Currently, there is an unmet therapeutic need for the medical management of cardiac arrest, as is evident from the high mortality rate associated with this condition. These dire outcomes can be attributed to the severe nature and poor prognosis of this disorder. However, the current treatment modalities, while helping to augment survival, are limited and do not offer adequate improvements to outcomes. Treatment modalities are particularly lacking when considering the underlying pathophysiology of the metabolic phase of cardiac arrest. In this study, we explore the three phases of cardiac arrest and assess the factors related to positive clinical outcomes and survival for these events. Furthermore, we evaluate the present guidelines for resuscitation and recovery, the issues related to ischemia and tissue reperfusion, and the benefit of oxygen-delivery therapeutic methods including blood transfusion therapy and synthetic hemoglobins (HBOCs). The current therapy protocols are limited specifically by the lack of an efficient method of oxygen delivery to address the metabolic phase of cardiac arrest. In this article, we investigate the next generation of HBOCs and review their properties that make them attractive for their potential application in the treatment of cardiac arrest. These products may be a viable solution to address complications associated with ischemia, reperfusion injury, and organ damage. Full article
(This article belongs to the Special Issue Cardiogenetics: Feature Papers 2021)
13 pages, 2595 KiB  
Article
Cardiovascular Characteristics of Patients with Genetic Variation in Desmoplakin (DSP)
by Nosheen Reza, Alejandro de Feria, Jessica L. Chowns, Lily Hoffman-Andrews, Laura Vann, Jessica Kim, Amy Marzolf and Anjali Tiku Owens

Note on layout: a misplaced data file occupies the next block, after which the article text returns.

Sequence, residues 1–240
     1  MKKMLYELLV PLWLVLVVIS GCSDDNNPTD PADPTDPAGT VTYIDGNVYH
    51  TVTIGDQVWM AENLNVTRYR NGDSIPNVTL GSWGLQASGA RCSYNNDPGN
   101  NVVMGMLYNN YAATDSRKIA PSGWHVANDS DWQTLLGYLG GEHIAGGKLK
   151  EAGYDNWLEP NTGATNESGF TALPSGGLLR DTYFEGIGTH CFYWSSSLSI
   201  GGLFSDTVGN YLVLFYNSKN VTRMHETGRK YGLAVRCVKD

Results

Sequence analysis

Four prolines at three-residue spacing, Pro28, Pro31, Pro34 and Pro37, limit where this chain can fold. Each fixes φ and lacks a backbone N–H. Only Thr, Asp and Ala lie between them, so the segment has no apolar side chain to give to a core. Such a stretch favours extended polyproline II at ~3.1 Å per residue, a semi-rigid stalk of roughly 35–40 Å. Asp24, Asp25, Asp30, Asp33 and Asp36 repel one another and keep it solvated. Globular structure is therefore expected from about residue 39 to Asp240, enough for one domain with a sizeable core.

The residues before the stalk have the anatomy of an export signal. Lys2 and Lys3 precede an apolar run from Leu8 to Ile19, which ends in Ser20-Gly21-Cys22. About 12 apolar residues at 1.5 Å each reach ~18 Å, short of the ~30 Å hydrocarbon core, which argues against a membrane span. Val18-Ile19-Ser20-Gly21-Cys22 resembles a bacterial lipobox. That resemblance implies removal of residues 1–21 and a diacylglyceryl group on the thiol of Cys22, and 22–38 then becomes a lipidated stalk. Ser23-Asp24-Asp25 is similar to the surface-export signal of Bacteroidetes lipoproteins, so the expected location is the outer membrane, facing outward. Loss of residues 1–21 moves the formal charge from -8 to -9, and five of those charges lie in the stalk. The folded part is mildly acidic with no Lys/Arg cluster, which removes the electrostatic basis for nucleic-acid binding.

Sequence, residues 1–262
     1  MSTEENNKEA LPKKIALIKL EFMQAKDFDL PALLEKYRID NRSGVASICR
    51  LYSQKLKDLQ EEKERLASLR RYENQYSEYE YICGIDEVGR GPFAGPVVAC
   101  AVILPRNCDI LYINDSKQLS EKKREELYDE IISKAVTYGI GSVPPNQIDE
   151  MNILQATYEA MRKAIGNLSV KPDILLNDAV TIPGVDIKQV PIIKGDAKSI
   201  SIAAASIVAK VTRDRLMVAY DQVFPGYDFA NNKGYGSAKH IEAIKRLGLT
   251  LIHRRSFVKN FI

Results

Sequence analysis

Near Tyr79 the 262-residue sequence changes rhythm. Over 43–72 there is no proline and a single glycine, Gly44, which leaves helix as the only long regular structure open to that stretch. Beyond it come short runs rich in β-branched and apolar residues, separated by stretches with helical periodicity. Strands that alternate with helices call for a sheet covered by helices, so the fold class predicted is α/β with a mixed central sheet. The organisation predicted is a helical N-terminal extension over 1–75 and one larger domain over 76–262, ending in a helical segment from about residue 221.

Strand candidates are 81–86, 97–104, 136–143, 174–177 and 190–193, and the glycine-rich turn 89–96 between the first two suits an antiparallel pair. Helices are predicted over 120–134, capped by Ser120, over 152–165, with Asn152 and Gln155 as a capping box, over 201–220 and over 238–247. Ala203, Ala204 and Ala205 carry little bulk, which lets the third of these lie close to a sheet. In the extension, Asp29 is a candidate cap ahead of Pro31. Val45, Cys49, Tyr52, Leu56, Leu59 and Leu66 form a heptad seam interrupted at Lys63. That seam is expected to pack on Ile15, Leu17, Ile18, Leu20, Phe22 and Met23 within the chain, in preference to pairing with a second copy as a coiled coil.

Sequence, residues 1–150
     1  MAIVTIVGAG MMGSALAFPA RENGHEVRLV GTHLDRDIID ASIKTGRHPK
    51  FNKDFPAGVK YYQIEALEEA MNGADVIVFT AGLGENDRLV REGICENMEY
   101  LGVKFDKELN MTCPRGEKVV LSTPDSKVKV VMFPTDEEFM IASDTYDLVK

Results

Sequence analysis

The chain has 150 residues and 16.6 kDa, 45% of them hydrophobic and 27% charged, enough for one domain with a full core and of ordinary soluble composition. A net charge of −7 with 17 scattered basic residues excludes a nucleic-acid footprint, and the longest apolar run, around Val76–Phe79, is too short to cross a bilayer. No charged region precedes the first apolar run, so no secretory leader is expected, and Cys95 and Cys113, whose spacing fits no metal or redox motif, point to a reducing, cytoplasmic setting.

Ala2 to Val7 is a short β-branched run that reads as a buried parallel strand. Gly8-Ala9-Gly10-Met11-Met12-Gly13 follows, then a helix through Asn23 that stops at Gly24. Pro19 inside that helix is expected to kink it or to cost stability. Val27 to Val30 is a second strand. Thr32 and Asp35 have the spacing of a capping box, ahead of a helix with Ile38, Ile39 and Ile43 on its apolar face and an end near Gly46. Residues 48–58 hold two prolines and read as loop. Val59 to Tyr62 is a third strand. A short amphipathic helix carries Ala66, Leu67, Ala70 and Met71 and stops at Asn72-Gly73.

Cardiogenetics 2022, 12(1), 24-36; https://doi.org/10.3390/cardiogenetics12010003 - 6 Jan 2022
Cited by 6 | Viewed by 4418
Abstract
Background: Variants in the desmoplakin (DSP) gene have been recognized in association with the pathogenesis of arrhythmogenic right ventricular cardiomyopathy (ARVC) for nearly 20 years. More recently, genetic variation in DSP has also been associated with left-dominant arrhythmogenic cardiomyopathy. Data regarding [...] Read more.
Background: Variants in the desmoplakin (DSP) gene have been recognized in association with the pathogenesis of arrhythmogenic right ventricular cardiomyopathy (ARVC) for nearly 20 years. More recently, genetic variation in DSP has also been associated with left-dominant arrhythmogenic cardiomyopathy. Data regarding the cardiac phenotypes associated with genetic variation in DSP have been largely accumulated from phenotype-first studies of ARVC. Methods: We aimed to evaluate the clinical manifestations of cardiac disease associated with variants in DSP through a genotype-first approach employed in the University of Pennsylvania Center for Inherited Cardiovascular Disease registry. We performed a retrospective study of 19 individuals with “pathogenic” or “likely pathogenic” variants in DSP identified by clinical genetic testing. Demographics and clinical characteristics were collected. Results: Among individuals with disease-causing variants in DSP, nearly 40% had left ventricular enlargement at initial assessment. Malignant arrhythmias were prevalent in this cohort (42%) with a high proportion of individuals undergoing primary and secondary prevention implantable cardioverter defibrillator implantation (68%) and ablation of ventricular arrhythmias (16%). Probands also experienced end-stage heart failure requiring heart transplantation (11%). Conclusions: Our data suggest DSP cardiomyopathy may manifest with a high burden of heart failure and arrhythmic events, highlighting its importance in the pathogenesis of dilated and arrhythmogenic cardiomyopathies. Targeted strategies for diagnosis and risk stratification for DSP cardiomyopathy should be investigated. Full article